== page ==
Every transhuman has an origin story. For Rob Spence, 45, a shotgun accident at the age of nine left his right eye severely damaged. At 34, under his doctor’s orders, the eye was removed.
It was then Spence set out on a mission to become Earth’s first “eyeborg”. “I would never have been into body hacking if I didn’t lose my eye,” he says. “I loved The Six Million Dollar Man when I was a kid, so the minute I learned that I was losing my eye, I began researching how I could turn it into a camera.”
Spence’s bionic eye is one of the many stories being explored by photographer David Vintiner and creative director Gem Fletcher in the ongoing Transhuman series. Since 2015, the pair have been capturing the biohackers, body modifiers, DIY scientists and academics enhancing human capability beyond our biological limits.
“These people are expanding their sphere of how they experience the world,” Vintiner says. “They’re going off on a completely different tangent and embracing those possibilities. They are doing it and living with it, so Transhuman looks at the human stories and the psychologies behind them.”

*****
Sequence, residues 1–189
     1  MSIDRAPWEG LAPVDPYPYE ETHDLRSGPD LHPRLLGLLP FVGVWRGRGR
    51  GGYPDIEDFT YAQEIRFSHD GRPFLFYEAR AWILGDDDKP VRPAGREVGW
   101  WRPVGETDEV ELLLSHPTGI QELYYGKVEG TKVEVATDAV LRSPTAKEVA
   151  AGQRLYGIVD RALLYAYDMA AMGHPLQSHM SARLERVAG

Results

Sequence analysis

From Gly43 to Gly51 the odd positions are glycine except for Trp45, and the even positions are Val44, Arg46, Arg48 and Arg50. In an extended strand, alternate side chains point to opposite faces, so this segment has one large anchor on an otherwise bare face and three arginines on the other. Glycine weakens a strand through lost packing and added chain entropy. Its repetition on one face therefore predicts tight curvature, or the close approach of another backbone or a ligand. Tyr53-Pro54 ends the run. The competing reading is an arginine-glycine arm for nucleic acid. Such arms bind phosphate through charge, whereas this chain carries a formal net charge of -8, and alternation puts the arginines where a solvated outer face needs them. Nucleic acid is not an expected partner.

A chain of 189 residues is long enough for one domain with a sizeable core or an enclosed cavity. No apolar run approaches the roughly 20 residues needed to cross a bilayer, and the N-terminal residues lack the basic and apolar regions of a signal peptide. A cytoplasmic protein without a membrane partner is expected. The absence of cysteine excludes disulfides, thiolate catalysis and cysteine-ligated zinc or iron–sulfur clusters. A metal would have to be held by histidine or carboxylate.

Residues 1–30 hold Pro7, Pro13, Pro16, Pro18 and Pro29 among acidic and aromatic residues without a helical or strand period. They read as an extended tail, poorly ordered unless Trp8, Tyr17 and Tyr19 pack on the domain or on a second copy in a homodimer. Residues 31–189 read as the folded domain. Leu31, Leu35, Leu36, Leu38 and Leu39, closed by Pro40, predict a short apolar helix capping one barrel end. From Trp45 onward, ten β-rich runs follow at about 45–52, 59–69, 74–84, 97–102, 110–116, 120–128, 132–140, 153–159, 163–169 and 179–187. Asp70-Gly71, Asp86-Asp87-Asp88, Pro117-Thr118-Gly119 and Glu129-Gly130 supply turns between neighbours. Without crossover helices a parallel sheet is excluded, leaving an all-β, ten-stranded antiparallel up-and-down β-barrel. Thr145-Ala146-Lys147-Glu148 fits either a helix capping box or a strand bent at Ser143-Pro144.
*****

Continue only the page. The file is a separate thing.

The work is being turned into a book and a documentary, which will feature around 60 people and their stories. “We want to capture people in a domestic setting to draw attention to the normality of it all in today’s world,” Fletcher says.
“We’re so disconnected as people and to our own senses that the initial reaction to those we photographed may be of confusion, but it’s not about these people distancing themselves from being a human or humanity itself. It’s about becoming more connected with the world.”
While access to technology is making body hacking more democratised by the day, it’s also raising important ethical questions. “I replaced my eye with a camera, which seems innocent enough, but what does that mean for other people’s privacy?” Spence says.
For others, it remains a fun way to experience the world differently. “I wanted to feel electromagnetic fields, so when I move my hand near a running microwave the magnets in my hands vibrate slightly,” says Rin Räuber, 33, who has magnetic implants in her hands (one under a fingertip on her right hand and another on the edge of her left hand).
“I can pick up bottle caps, screws and spoons. That’s not too useful in everyday life, but what I do is not rooted in a grand vision for the future of humanity. It’s like a child playing around, saying: ‘Hey, look at what we can do, isn’t this cool?'”